The Tour de France may be coming to Netflix in a series that could raise the profile of professional cycling in a way never seen before, but true to form for the sport, some of the top teams are not convinced of the merits of the project. EF Education-EasyPost manager Jonathan Vaughters, however, is fully on board.
Vaughters, the former president of the International Association of Professional Cycling Teams, was once one of the most outspoken critics of the business model of the sport and on the reluctance of Tour de France organisers ASO to share the wealth generated by broadcast rights. But contrary to QuickStep-AlphaVinyl manager Patrick Lefevere's view, Vaughters now feels that ASO are offering a good deal.
"It almost pains me to say this but I think ASO is actually helping the sport in general with this project and I'm on board with that," Vaughters tells Cyclingnews.
"Their media rights contracts around the world are based on viewer numbers. So if cycling as a sport becomes more popular, the Tour de France will become more popular, and therefore their viewer numbers will go up, and therefore their media rights contracts will go up. So of course, they'll benefit."
Teams also stand to benefit from higher profiles and a share of the fee that Netflix is offering. Cyclingnews understands that the eight teams which will be featured in the series stand to gain over €50,000 each for their participation.
Lefevere wrote in his Het Nieuwsblad column on Friday that he agreed to have his team participate in the series with "moderate enthusiasm and reservations", saying the fee offered to teams "is peanuts". "ASO get first pass at the cash register and then, as usual, there is little left," he wrote, adding that if the fee does not go up in the future, participation will not be worth it.
Vaughters disagrees, saying "they are not taking all of the cash from the media rights sales off the table, they are distributing it. And in my opinion, they're distributing it fairly. If this becomes a hit, and you get to season two, season three, season four, you know, will that need to be renegotiated? Well, potentially, but as from my perspective, the deal for season one is quite fair."
Other teams, such as the UAE Team Emirates squad of two-time Tour winner Tadej Pogačar, have opted not to take part, leaving the series without one of the major stars. However, the Drive to Survive Formula 1 series that the Tour show is modelled upon, also started its first season without the biggest teams.
The series benefitted Formula 1 greatly, with viewership of the races climbing by over 50 per cent due to the interest generated by the docu-drama. Cycling has struggled to portray its personalities and interpersonal dramas in the same way, mainly due to the sponsorship model stifling free expression.
Vaughters says that for teams "that do not have an oil-producing nation as their financial backer" or are not like Quickstep, who have strong regional sponsorship support, the series could be a big boost.
"For those of us that are living in the actual world that most people live in, where commercial interests do matter and audience size does matter, [the Netflix series] is a great thing. This could raise the profile of bike racing across the board.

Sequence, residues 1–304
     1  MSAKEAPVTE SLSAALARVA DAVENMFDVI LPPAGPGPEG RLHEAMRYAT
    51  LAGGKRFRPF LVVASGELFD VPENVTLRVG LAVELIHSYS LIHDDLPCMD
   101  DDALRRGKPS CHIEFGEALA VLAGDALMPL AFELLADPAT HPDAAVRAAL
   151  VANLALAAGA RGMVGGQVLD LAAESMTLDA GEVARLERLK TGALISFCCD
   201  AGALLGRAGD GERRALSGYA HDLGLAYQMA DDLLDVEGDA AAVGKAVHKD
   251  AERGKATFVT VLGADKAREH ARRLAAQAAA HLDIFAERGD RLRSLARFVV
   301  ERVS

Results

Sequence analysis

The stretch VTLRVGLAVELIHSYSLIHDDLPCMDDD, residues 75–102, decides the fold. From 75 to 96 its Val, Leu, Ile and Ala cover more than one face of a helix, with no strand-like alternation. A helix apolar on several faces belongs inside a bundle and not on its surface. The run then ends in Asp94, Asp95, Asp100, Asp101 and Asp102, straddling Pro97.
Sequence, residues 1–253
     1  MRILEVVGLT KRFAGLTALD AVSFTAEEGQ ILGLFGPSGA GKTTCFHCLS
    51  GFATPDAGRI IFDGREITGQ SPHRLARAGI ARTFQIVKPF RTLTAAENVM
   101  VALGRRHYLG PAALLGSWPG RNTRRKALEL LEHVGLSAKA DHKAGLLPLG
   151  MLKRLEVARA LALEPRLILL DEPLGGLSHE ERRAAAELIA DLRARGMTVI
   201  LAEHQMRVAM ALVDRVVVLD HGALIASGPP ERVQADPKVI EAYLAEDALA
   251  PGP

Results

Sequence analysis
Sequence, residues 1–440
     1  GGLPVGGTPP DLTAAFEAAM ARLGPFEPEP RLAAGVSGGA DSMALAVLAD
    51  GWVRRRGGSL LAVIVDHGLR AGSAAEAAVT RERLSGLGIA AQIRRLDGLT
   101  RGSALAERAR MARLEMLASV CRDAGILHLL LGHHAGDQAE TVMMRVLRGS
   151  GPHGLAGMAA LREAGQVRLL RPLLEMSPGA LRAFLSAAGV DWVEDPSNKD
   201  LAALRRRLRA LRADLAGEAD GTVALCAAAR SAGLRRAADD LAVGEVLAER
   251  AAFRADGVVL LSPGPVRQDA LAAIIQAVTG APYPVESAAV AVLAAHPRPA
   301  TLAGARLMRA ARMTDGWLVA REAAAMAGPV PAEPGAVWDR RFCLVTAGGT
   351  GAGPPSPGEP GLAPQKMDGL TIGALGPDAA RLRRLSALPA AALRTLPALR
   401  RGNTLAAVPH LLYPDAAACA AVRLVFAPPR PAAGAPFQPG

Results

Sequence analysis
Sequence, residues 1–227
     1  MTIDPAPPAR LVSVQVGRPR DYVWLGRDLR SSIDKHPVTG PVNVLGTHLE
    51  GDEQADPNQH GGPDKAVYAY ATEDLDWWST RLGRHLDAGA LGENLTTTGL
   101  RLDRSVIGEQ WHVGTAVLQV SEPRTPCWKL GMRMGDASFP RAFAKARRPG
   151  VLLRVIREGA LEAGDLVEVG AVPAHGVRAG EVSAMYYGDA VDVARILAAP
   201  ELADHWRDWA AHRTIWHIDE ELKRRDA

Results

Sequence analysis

"I know I have been vehemently sort of anti-ASO in many interviews, but I gotta say, the deal is pretty good ... and we're going to be a part of it."
Vaughters' only reservation is that there are only eight teams invited to be a part of the filming and the other 14 teams in the Tour de France may suffer.
"I genuinely do worry about some of the smaller teams getting a little bit of the oxygen pulled out of them with a project like this," Vaughters says, but adds that Lefevere's arguments "fall flat" because of the regional nature of his team's partners.
"If he's good in Belgium and in that area of the world, with his sponsors, with his commercial interests, he's fine. So he can afford to say, 'Oh, I'll just do my own series'. And he'll get a great Belgian audience if he does that.
"But if you're managing a team with a global perspective of a company that is education, language, and travel-oriented that has interests in 50-some countries around the world, we need to take the perspective that this is good to raise the profile of cycling."
EF Education-EasyPost is fully embracing the concept, with riders like Rigoberto Uran a natural in front of the cameras.
"Rigo obviously, he's magnetic with a camera. He's a media machine, but he's clearly probably in the last year or two of his career," Vaughters says before referencing the Russian invasion of Ukraine that has plunged the world into sudden uncertainty. "I have a huge belief in Mark Padun actually producing an incredible Tour de France. A Ukrainian rider doing great at the Tour de France? That's probably not a bad story."
The personal and sporting stories of Formula 1 drivers drew great interest to the sport, but Vaughters qualifies that with the fact it started airing during the COVID-19 lockdowns when Netflix viewership was at an all-time high.
"Will the audience be as big? Hopefully, it'll be bigger, but it's a high bar because you're dealing with content that was introduced in the depths of lockdown," Vaughters says. "This is going to be introduced as we're coming out of lockdown. So a trickier equation.
"Cycling is going to prove more challenging for the directors and producers of the film because it's a very subtle sport, the tactics and strategy and cycling are very subtle. It is a nuanced sport in a way that Formula 1 maybe isn't... I think somebody coming in for the first time from a filmmaking perspective is going to struggle to see the critical moments inside a team, so it'll be more challenging for the people making the films for sure.
"But I hope that they're able to pick on pick up on those little details and actually make something great."
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